Home COMMONWEALTH vs. MICHAEL F. COAKLEY.

21 Mass. App. Ct. 917

October 28, 1985

Richard Zorza, Committee for Public Counsel Services, for the defendant.

Daniel F. Toomey, Assistant District Attorney, for the Commonwealth.

On complaints charging him with uttering a forged instrument and larceny, the defendant waived his right to a first instance jury trial and admitted to sufficient facts to warrant a finding of guilty. See Mass.R.Crim.P. 12(a) (3), 378 Mass. 866 (1979). The judge found him guilty and sentenced him to serve concurrent indeterminate terms at M.C.I., Concord. Almost a year later, the defendant, pro se, filed a motion under Mass.R.Crim.P. 30, 378 Mass. 900 (1979), alleging various errors in his sentencing. At the hearing on his motion, the defendant's court-appointed counsel argued only that the defendant had not been sentenced in accordance with G. L. c. 218, Section 31. Although we conclude that Section 31 does not apply to the defendant's sentences, we vacate the order denying his motion for the reasons set out in Commonwealth v. Mele, 20 Mass. App. Ct. 958 (1985).

1. G. L. c. 218, Section 31. [Note 1] Section 31 requires that there be a delay of one day between imposition of sentence and issuance of a mittimus where a District Court judge imposes a sentence of more than six months' incarceration at a "jail or house of correction." The defendant argues that Section 31 is applicable to his sentence to M.C.I., Concord, for the reasons: (a) that the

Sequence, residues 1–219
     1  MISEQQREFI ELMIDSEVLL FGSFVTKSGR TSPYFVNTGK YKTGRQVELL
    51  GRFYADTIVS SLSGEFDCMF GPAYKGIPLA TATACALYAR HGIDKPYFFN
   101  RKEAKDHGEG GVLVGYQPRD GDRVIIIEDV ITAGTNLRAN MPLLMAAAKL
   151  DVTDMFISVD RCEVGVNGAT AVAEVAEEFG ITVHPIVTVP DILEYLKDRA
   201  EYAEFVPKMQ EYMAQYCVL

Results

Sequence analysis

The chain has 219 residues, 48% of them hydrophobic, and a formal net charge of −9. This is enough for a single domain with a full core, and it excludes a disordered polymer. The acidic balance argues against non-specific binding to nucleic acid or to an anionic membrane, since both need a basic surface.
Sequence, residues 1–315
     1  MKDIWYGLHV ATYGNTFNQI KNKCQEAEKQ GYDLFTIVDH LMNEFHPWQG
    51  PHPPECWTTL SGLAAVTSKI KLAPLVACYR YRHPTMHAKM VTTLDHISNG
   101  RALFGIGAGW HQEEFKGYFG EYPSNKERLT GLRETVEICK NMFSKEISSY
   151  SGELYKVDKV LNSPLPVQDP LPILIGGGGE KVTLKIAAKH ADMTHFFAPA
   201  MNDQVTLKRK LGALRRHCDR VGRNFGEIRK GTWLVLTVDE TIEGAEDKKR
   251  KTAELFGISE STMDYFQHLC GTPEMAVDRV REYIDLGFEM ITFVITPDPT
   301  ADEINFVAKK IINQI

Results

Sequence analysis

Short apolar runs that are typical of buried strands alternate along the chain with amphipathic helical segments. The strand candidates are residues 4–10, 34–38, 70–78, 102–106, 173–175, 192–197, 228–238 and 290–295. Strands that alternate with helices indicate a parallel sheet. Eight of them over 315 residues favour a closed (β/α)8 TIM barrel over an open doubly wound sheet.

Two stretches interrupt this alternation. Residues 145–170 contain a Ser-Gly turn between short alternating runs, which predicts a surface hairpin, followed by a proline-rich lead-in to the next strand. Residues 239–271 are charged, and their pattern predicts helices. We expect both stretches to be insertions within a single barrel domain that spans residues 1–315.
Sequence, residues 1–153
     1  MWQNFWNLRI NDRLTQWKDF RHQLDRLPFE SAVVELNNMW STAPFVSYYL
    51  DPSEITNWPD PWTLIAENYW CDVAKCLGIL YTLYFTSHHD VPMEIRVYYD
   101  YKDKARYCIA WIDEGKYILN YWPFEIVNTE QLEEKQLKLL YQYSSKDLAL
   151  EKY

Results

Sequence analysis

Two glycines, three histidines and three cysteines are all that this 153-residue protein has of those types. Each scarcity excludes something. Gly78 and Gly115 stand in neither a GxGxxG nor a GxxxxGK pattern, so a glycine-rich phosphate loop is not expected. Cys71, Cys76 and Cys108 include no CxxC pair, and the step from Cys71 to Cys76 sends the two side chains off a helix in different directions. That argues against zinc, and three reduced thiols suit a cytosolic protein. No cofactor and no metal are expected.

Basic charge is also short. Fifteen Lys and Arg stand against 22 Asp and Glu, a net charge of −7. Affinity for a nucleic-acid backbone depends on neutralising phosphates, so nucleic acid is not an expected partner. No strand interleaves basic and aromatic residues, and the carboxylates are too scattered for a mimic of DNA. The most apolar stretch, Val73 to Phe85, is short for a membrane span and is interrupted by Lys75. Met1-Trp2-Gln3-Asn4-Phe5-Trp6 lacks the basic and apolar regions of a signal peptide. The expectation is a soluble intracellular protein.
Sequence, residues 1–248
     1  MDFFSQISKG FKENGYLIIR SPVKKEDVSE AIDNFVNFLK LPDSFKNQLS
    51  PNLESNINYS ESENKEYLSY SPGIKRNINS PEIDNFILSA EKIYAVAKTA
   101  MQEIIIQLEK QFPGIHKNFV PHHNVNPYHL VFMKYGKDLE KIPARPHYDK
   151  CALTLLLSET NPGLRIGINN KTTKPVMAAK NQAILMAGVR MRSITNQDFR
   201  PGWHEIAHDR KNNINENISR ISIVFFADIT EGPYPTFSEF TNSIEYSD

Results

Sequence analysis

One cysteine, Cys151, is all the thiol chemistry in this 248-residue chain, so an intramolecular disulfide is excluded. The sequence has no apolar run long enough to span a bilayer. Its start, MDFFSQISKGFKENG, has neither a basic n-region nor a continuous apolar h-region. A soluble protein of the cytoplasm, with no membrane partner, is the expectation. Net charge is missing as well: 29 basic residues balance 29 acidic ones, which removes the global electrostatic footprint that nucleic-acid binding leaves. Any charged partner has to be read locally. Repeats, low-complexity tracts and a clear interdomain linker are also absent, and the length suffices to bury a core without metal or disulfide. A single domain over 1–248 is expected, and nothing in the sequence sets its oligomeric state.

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predecessor to Section 31 (St. 1911, c. 176, Section 2) was enacted subsequent to the legislative grant of authority to the District Courts to sentence defendants to the "reformatory" as well as to a jail or house of correction (see St. 1884, c. 255, Section 8; see also `R.L. c. 220, Section 27 [1902]), and, therefore, the words "jail or house of correction" appearing in Section 31 cannot be read as excluding sentences to a "reformatory"; (b) that both St. 1911, c. 176, Section 2 ("An Act to extend the jurisdiction of police, district and municipal courts in criminal cases") and its amendment, which followed almost immediately, St. 1911, c. 461 (An act relative to certain persons committed to jails and houses of correction"), were intended, in the words of the defendant, to "protect defendants' jury trial rights in serious cases"; and (c) that if Section 31 is not read to include "reformatory" sentences, then the one-day delay safeguard will apply only to less deserving sentences rather than including the more serious periods of incarceration.